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    Sweeney, Angela Filson, Beth Kennedy, Angela Collinson, Lucie and Gillard, Steve 2018. A paradigm shift: relationships in trauma-informed mental health services. BJPsych Advances, Vol. 24, Issue. 05, p. 319.

    Gaynor, Keith and Gordon, Olivia 2018. Cognitive Behavioural Therapy for Mild-to-Moderate Transdiagnostic Emotional Dysregulation. Journal of Contemporary Psychotherapy,




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This article reviews the putative role of emotion dysregulation in diverse clinical presentations and considers some of its aetiological factors, such as insecure attachments in early life and traumatic experiences in later life. The neurobiology of emotional processes is described in relation to the ‘window of tolerance’ model of arousal levels optimal for information processing. Treatment options are considered and ways to regulate distress, derived from different approaches, are summarised in a ‘toolbox’. Fictitious case vignettes illustrate clinical applications.


Declaration of Interest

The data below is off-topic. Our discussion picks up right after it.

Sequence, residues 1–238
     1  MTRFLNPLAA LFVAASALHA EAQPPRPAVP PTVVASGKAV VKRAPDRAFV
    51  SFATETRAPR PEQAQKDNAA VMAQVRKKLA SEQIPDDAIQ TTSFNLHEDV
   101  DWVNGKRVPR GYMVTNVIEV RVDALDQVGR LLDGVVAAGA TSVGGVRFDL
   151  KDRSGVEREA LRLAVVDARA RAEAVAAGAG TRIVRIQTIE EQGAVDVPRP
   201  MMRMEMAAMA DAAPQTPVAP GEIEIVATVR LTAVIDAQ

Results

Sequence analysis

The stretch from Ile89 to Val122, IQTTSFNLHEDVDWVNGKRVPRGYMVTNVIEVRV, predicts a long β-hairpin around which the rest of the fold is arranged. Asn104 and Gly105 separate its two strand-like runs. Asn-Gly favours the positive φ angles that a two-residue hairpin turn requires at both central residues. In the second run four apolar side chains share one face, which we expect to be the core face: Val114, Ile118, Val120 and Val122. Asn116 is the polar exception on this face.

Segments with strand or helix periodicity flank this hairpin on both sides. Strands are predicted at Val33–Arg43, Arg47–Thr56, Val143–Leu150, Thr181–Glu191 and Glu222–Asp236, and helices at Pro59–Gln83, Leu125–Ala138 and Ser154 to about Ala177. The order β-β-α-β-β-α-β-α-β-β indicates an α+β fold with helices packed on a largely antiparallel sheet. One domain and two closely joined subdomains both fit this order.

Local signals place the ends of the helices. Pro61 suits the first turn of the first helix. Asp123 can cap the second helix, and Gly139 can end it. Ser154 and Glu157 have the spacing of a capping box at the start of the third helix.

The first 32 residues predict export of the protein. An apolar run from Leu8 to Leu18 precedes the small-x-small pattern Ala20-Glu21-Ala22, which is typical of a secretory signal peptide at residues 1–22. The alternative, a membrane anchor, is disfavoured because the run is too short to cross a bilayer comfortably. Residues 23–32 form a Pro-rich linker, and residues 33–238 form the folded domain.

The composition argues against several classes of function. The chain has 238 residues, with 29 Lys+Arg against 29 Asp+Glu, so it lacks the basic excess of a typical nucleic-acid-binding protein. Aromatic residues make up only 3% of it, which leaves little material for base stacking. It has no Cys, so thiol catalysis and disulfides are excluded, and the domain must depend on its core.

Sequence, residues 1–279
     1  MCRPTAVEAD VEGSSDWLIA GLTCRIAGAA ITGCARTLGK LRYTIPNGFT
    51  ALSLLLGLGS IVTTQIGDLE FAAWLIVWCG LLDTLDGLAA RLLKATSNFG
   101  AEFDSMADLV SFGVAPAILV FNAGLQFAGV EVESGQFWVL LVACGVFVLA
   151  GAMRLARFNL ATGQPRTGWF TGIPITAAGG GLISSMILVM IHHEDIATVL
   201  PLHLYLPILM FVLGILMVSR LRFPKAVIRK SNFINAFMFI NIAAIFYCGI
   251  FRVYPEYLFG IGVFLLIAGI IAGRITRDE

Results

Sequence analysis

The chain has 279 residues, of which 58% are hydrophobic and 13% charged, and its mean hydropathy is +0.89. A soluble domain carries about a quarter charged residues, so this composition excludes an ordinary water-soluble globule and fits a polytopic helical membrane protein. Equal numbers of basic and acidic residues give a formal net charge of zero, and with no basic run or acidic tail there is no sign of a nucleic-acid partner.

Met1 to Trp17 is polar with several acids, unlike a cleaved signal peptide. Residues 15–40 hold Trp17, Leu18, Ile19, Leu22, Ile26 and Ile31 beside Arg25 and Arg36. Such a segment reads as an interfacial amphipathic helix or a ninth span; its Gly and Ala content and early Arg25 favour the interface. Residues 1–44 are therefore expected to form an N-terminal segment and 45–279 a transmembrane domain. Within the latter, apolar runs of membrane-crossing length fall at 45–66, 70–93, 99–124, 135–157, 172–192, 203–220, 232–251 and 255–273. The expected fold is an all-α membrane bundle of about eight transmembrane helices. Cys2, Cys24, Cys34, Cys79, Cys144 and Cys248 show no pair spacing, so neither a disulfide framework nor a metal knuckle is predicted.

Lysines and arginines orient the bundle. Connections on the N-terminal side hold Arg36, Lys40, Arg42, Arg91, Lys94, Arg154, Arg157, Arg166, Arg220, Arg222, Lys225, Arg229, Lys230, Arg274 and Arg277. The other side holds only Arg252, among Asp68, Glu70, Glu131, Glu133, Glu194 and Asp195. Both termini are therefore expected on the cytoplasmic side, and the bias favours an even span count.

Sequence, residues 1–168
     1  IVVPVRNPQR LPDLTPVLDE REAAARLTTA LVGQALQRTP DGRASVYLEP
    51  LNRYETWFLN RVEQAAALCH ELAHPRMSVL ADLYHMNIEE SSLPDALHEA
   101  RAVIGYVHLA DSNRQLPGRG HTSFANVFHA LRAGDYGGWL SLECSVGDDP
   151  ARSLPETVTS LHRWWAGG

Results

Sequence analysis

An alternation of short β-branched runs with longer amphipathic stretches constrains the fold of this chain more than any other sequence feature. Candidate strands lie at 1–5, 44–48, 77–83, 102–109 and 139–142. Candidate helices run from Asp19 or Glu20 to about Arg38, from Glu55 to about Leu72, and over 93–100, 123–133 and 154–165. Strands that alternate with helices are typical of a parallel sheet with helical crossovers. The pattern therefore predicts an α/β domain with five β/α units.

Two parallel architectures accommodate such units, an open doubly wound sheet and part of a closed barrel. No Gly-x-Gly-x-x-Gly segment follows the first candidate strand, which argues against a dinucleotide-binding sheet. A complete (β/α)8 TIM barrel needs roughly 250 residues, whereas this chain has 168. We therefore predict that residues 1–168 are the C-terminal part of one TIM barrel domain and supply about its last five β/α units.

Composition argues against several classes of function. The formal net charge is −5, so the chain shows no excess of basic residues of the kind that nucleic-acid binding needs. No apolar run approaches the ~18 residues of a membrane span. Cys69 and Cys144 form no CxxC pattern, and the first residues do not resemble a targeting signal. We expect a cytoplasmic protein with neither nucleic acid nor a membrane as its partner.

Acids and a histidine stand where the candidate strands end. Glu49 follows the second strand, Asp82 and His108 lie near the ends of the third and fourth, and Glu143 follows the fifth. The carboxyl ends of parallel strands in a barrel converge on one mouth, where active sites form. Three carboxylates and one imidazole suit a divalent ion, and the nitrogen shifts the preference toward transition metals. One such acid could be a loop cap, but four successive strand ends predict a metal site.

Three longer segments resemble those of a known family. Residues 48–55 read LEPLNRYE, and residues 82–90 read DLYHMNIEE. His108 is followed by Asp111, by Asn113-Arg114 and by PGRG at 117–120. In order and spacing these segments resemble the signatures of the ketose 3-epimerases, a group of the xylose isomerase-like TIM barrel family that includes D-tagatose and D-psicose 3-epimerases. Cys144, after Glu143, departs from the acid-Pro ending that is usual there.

Emotions are central to an understanding of the human condition, but in many countries curricula for specialist psychiatric training pay limited attention to the study of emotion. This can leave clinicians without the skills required to deal with the shame, fear, anger, disgust and humiliation associated with many clinical presentations. The concepts of emotion (affect) regulation and emotion dysregulation are not included in the standard training for the assessment and management of psychiatric disorders. Neither is there inclusion of the critical role of the autonomic nervous system in dysregulated affective responses, as described in the ‘window of tolerance’ model of the psychophysiological effects of traumatic experience (Ogden 2006). Combining strategies from that model with insights from the biopsychosocial model of borderline personality disorder (Linehan 1993) and other approaches (Schwartz 1995; Greenberg 2002; Fay 2007; Germer 2009; Hanson 2009) allows the construction of a toolbox (presented later in this article) that may give the practising psychiatrist some useful ways of assessing and assisting patients with clinical presentations that do not fit within the standard nosological boundaries (Box 1).